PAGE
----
With a number of franchises stuck in the red and critics complaining the game is watered down, the National Basketball Association may consider the nuclear option: shrinking itself.
NBA Commissioner David Stern has said contraction, which would eliminate at least one struggling franchise, should be “on the table” and last month superstar LeBron James appeared to support the idea, before retreating.
The concern is that the NBA’s financial health is being threatened by its weakest franchises and the fact that the lion’s share of its revenues go towards player salary.
But a careful balancing of the pros and cons show the NBA, which is still thought to be relatively strong financially, is unlikely to take the contraction plunge.
To be sure, the NBA will have lots to consider while trying to hammer out a new Collective Bargaining Agreement after the season ends. The central focus as a new contract is negotiated will be on rising player salaries and how to better redistribute local revenues from ticket sales and television deals.
The National Football League’s model allows revenues generated collectively by the league and clubs -- estimated to be $6.8 billion in 2010 -- to be distributed in a more equal basis than the NBA’s model, partially explaining football’s relative parity.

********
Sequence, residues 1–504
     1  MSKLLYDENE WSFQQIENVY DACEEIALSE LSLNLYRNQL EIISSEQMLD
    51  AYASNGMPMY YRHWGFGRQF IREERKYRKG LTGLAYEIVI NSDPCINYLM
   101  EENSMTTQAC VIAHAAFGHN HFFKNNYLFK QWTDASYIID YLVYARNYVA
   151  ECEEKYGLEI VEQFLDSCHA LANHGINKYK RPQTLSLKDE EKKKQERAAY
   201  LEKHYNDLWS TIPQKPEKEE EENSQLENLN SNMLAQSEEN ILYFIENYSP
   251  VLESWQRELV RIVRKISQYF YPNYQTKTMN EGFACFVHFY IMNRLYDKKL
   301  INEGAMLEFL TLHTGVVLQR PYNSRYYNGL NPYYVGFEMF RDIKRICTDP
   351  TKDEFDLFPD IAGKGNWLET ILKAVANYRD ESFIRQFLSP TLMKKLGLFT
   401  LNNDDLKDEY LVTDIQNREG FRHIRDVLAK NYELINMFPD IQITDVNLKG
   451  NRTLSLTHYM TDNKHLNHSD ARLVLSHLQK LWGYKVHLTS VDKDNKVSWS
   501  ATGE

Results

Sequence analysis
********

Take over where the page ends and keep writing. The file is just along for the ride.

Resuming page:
After expanding broadly in the 1980s and 1990s, the NBA was left with 30 franchises, most of which have seen their values soar.
However, some franchises have seen their values decline in recent years, led by a 9% decline in the Forbes estimated value of the Milwaukee Bucks to $254 million and a 13% slide for the Memphis Grizzlies to $257 million. Those compare to the estimated $604 million price tag on the Los Angeles Lakers, the league’s most valuable team.
Yet at the end of the day NBA owners and the player’s union are arguing about “sharing a marvelous pie” from what is a “very, very healthy league,” said Rodney Fort, a consultant and sports economist at the University of Michigan.
After all, ownership groups over the past year have paid record bounties worth nearly $1 billion combined for the struggling Washington Wizards and Golden State Warriors.
“You are talking about assets worth hundreds of millions of dollars even if they are the worst teams in the league,” said Fort.
According to Forbes, 10 NBA owners are billionaires, led by the New Jersey Nets’ $13.4 billion man Mikhail Prokhorov.
And in 2007, the NBA signed an eight-year TV deal with Walt Disney (NYSE:DIS) and Time Warner (NYSE:TWX) worth $7.5 billion, a 22% rise in annual payout from its previous deal.
“They ought to be able to figure out how to share the wealth in a manner that allows everyone to be competitive both on and off the court,” said Marshall Glickman, CEO of G2 Strategic and a former president of the Portland Trail Blazers.
The NBA and the player's association did not respond to a request for comment.
Addition by Subtraction?
While he backed away from his initial comments, James alluded to one of the biggest potential benefits of contraction: an improved product on the court that could boost attendance and TV ratings.